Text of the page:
Its editor is Nadia Saccardo – a female editor just another way in which the title sets itself apart from the men’s mag category. (Though when I question Saccardo on this aspect she says, “Yeah I need to think up a better answer to this. To be honest, I don’t think about it that much, and I probably should, I get asked that question all the time, but I am just interested in stuff that Smith is interested in as a publication.”)

BETHANIE BLANCHARD | September 30, 2013 | FESTIVALS | |

NYWF series: an interview with Alice Bell

“I think I’ve just always been a studier of people, always observing and thinking about why they might say what they just said or did what they just did and I think all people who write are like that. They’re studiers and observers, little spies,” Bell laughs. “I think you’ve just got it or you don’t, that ability to listen. It’s mostly about listening, because then the dialogue is truthful.”

Reading through Alice Bell’s bio is a guide to some of the best television series Australia has produced. She has been a screenwriter on Puberty BluesSpiritedRush, as well as her multi-award winning film, Suburban Mayhem, which was set in Newcastle and invited to Cannes. What intrigued me especially was that Bell was a writer for The Slap – the acclaimed ABC adaptation of Christos Tsiolkas’ novel – and wrote the ‘Connie’ episode, one of the most affecting in the series.

Her work has centered especially on young female characters – Suburban MayhemPuberty BluesThe Slap – and Bell and I are laughing about one of the subjects that has become an area of expertise throughout her career. “Now I’ve done so many virginity episodes, just so many teen sex episodes of television, that’s sort of become my niche!”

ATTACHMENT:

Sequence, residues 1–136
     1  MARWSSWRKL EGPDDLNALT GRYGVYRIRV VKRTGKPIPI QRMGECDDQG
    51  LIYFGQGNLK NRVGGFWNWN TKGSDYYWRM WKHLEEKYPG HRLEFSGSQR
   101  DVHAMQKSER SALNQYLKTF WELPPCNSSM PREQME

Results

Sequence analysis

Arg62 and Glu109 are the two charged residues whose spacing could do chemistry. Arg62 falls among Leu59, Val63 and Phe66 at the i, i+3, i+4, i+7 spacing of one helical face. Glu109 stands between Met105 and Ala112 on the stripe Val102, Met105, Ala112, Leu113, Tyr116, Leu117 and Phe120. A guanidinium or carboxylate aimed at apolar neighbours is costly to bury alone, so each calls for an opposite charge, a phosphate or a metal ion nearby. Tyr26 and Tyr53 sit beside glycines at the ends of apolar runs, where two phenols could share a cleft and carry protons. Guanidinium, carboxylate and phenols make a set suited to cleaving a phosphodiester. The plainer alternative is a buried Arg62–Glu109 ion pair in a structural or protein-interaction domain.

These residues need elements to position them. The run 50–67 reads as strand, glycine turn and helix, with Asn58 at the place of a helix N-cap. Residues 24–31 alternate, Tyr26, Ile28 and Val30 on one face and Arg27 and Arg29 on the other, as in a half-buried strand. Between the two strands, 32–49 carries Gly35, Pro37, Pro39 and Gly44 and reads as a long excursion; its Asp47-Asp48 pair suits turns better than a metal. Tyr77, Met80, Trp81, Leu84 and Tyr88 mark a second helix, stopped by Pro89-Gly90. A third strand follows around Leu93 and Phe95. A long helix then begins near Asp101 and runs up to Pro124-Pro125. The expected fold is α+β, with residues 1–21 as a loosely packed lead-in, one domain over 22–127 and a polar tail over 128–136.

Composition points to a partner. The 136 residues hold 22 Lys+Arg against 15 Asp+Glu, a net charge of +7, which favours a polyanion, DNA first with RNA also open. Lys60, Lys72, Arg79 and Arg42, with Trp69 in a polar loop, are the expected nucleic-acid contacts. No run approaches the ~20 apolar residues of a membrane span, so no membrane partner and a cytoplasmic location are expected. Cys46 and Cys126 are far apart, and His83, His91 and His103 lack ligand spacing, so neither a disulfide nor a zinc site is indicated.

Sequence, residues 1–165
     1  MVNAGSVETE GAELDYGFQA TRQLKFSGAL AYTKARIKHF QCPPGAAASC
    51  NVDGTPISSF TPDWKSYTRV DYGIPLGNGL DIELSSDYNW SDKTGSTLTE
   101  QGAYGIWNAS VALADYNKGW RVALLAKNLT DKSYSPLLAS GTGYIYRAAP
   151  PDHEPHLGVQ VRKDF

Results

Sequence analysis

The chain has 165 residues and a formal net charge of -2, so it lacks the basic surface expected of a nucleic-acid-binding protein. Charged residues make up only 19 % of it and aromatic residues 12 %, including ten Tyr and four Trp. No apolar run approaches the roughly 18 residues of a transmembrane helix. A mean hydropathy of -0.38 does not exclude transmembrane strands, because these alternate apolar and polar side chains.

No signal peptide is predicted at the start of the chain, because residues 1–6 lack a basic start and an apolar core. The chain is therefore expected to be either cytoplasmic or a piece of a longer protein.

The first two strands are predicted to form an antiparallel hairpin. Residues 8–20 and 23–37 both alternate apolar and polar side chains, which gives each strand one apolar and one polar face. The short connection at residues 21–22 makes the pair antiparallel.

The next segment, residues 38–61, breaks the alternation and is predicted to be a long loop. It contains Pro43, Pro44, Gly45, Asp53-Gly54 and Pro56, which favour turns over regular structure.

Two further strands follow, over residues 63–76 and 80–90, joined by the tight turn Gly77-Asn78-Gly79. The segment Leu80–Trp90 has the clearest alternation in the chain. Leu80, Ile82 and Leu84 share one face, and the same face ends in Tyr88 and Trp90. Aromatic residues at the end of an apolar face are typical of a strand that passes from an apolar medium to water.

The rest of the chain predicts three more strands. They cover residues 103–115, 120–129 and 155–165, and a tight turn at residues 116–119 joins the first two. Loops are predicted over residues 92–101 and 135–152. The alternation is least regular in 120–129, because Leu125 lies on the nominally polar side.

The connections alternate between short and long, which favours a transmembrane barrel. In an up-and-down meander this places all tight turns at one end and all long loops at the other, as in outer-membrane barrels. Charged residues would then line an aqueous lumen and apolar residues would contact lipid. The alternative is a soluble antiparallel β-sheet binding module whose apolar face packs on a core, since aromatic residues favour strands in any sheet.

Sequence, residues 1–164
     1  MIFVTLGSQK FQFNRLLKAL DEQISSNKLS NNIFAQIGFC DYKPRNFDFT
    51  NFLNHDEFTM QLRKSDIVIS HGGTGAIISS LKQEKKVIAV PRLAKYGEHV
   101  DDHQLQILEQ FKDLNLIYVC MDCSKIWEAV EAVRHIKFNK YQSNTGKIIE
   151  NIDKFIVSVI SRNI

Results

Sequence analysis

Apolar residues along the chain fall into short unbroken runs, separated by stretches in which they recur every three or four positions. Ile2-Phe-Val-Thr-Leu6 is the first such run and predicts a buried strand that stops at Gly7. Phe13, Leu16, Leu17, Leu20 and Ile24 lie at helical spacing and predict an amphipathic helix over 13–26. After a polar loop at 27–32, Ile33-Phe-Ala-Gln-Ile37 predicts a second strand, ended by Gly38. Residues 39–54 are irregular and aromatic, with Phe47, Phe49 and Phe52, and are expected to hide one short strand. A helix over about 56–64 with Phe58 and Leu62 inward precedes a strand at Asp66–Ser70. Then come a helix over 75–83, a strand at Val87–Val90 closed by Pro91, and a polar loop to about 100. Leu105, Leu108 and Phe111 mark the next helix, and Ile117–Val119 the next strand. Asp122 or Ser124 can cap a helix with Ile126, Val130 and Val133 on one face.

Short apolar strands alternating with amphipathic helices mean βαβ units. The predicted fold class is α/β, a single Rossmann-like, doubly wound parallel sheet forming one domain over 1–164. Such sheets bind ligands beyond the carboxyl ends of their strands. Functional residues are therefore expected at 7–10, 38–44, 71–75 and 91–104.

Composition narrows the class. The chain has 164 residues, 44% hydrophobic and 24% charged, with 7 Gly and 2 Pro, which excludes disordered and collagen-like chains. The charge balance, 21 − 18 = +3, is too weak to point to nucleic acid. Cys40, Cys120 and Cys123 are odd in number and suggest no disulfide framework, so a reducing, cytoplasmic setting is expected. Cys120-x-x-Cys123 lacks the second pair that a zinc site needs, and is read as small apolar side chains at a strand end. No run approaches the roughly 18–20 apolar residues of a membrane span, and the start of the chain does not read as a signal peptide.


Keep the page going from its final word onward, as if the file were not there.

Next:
BETHANIE BLANCHARD | September 23, 2013 | FESTIVALS | |

NYWF series: an interview with Adam Liaw

“In the same way as writing a novel, where you’re trying to communicate certain emotions through the way a character acts, or how a scene changes, with a cookbook you’re using a whole completely different set of stimuli,” Adam Liaw says of his experience writing his first book. “Whether it’s the choice of recipes, the photo, the styling, the words you use to describe it, the list of ingredients, even the types of ingredients that they are, all come together to create the whole picture of the book. So I find it really challenging and interesting to write a cookbook. It’s certainly one of the deeper things that I’ve done.”

If, like me, you were one of the many swept up in Masterchef fever when the series was still a ratings juggernaut (and the contestants could actually cook) you would know Adam Liaw as the winner of the second season.